To advance the film, the operating lever is moved, in a counterclockwise direction, as viewed in FIG. 3, against the influence of spring 53 and clip 54, to the position shown in broken lines, at which further movement of the lever is blocked by the engagement of pin 51 with a second pin 55 extending upwardly from the lower wall member. During such movement of the lever the winding core is rotated therewith by the ratchet disk, in driving engagement with teeth 48 on the core and rotatively connected to the lever by clutch member 42 and driving member 34, whereby sufiicient film is wound onto the core to move an unexposed film area into alignment with lens 24. When the lever is released, it is rotated in a clockwise direction, as viewed in FIG. 3, to its former position by spring 53, along with the driving member, the clutch member and the ratchet disk. However, due to the frictional influence of clip 54 on the winding core, the core remains stationary as the ratchet disk rotates relative thereto by overcoming the slight downward force of spring 46, which maintains the ratchet teeth in contact. Accordingly, each time the lever is rotated as far as possible in a counterclockwise direction, as viewed in FIG. 3, and then released, the film is advanced to allow another exposure to be made. When all of the available exposures have been made, the clutch member can be raised manually to disengage the ratchet teeth by depressing the external end portion 56 of release rod 57 extending through the driving member, whereupon the film can be rewound into the magazine by rotating knob 32 with sufficient torque to overcome the relatively light frictional influence of clip 54 on the winding core.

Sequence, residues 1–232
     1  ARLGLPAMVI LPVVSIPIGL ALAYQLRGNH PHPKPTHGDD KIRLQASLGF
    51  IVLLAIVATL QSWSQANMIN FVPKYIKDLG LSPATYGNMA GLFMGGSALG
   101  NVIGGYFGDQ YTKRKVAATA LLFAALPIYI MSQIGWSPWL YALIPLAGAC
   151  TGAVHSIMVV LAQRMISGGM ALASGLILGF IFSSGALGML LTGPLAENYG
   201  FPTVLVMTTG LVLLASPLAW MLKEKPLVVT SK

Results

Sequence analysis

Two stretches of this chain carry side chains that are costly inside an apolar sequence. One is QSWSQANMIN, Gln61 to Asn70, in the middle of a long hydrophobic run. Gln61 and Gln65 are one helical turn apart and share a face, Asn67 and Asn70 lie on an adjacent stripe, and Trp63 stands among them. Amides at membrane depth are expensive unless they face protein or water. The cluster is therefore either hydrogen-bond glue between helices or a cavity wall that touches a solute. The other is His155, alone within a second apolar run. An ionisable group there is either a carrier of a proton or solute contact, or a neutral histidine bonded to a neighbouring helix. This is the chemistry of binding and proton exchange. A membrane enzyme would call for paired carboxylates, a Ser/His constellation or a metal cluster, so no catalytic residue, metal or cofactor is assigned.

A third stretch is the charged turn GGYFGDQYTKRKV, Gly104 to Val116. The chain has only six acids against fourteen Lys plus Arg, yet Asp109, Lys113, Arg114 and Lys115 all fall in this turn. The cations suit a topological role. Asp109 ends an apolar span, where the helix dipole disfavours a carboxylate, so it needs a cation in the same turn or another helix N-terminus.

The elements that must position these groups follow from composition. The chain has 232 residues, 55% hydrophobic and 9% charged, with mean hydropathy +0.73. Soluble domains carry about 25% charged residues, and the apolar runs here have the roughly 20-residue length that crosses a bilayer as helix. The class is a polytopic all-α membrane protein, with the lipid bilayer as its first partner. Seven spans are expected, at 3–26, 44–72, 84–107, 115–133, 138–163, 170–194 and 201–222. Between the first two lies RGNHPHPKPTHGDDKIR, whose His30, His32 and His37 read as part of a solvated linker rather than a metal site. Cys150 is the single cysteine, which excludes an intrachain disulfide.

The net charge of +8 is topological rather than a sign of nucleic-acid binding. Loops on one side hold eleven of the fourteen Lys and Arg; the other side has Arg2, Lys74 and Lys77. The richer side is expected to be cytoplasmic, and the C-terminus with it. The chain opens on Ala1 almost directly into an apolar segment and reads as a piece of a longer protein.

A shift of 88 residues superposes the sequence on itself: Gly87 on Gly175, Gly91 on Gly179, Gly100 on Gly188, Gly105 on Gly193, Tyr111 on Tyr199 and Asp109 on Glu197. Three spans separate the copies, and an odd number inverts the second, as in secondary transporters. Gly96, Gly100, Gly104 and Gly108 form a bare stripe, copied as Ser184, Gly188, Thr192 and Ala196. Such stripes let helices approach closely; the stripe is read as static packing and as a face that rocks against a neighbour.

The exposure counter mechanism comprises a rotatable dial member 58 attached to the top end of shaft 59, which extends through film guide member 22. At its lower end the shaft is provided with a ratchet wheel 61, the hub 62 of which extends through the lower wall member 36. A cam follower arm 63 is pivotally attached to wall member 27 by pin 64 and is resiliently urged against cam 49 by a light spring 65. At its opposite end the follower arm supports a driving pawl arm 66, attached thereto by a pin 67 and biased by a hairpin spring 68 to maintain the tooth end.69 of the pawl arm in contact with the ratchet wheel. A blocking pawl arm 71 is supported below the driving pawl arm by a pivot pin 72 extending into a boss on the lower wall member, and is biased by a spring 73 to maintain its tooth end 74 also in contact with the ratchet wheel. Accordingly, each time the operating lever is moved to advance the film, the ratchet wheel is rotated in a clockwise direction, as viewed in FIG. 3, through an angle corresponding to one tooth on the wheel, against the counterclockwise infiuence of spring 75 attached at its opposite ends to the dial member and to wall member 31. A rectangular washer 76 is attached to a pin 77 slidably supported in guide block 78 and is urged toward the adjacent pawl arms by a spring 79. When the camera cover door 81 is closed, it engages the end of the pin and maintains the pin in the position shown in FIG. 3, in which the washer is out of contact with the pawl arms. However, when the door is opened, as shown in broken lines in FIG. 3, the washer moves with pin 77 to displace the pawl arms out of engagement with the ratchet wheel, as also shown in broken lines in FIG. 3, so that spring 75 can return the dial member to its initial position defined by the engagement of pin 82 with pin 83.